BOSTON -- When the first modern Olympics were held in Athens in 1896, winners did not get gold medals as they will later this month when the Tokyo Games get underway. Instead, they got silver, while runners-up got bronze. There were no medals for third place.
One of those exceedingly rare first-place silver medals is for sale in an Olympics-themed auction that opens Thursday.
The nearly 200-lot sale hosted by Boston-based RR Auction also includes a gold medal won by the 1984 U.S. men's basketball team and several Olympic torches, including one used during last year's torch relay before it was shut down because of the coronavirus pandemic.
"Interest is high now with the Tokyo Olympics approaching," RR Auction executive vice president Bobby Livingston said.
The 1896 silver medal is expected to sell for about $75,000 given its rarity, Livingston said. Unlike today's behemoth Games with thousands of athletes and hundreds of events, the 1896 Olympics featured about 250 athletes -- all men -- from a little over a dozen nations competing in 10 sports.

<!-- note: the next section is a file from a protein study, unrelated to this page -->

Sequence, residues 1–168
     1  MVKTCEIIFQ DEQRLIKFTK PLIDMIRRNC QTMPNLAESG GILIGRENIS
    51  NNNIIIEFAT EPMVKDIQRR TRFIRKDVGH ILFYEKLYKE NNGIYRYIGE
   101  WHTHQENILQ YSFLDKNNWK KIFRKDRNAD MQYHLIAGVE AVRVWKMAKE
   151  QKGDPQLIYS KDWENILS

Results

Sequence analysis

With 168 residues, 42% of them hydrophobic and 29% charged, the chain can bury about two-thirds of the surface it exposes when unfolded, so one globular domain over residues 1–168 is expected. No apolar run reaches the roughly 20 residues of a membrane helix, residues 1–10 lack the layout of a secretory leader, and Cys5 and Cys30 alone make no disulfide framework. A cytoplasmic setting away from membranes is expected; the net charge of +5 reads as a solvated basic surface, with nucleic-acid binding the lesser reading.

A bronze medal from the same year is expected to fetch around $40,000.
Who won the medals has been lost to time, Livingston said.
Before the Dream Team of NBA stars dominated the 1992 men's basketball tournament, there was the almost as dominant 1984 team that featured future NBA stars Michael Jordan, Chris Mullin and Patrick Ewing.
That gold-medal-winning team coached by Bobby Knight rolled to an 8-0 record, averaged more than 95 points per game and held opponents to about 63 points per game.
One of those gold medals, with a multicolored ribbon, is expected to sell for about $70,000, RR Auction said.
"Anything from the U.S. basketball team -- and the 1980 men's hockey team -- always demands a lot of interest," Livingston said.
The medal was consigned to the auctioneer by a collector who bought it directly from a member of the team, but who that player is remains confidential, Livingston said.
Some of the other items for sale include a gold medal awarded to Swedish wrestler Ivar Johansson in the 1932 Summer Games in Los Angeles and a silver won by Bill "Rabbit" Thomson as a member of the Canadian hockey team in the 1936 Winter Games in Garmisch-Partenkirchen in Germany.
The torches for sale include those from the 1994 Winter Olympics in Lillehammer, Norway; the 1980 Winter Olympics in Lake Placid, New York; and the 1976 Winter Olympics in Innsbruck, Austria.
One of the more unusual items is a 17-foot wooden kayak used by Rolf Peterson of Sweden to win a gold medal at the 1964 Tokyo Games. It will set you back about $30,000.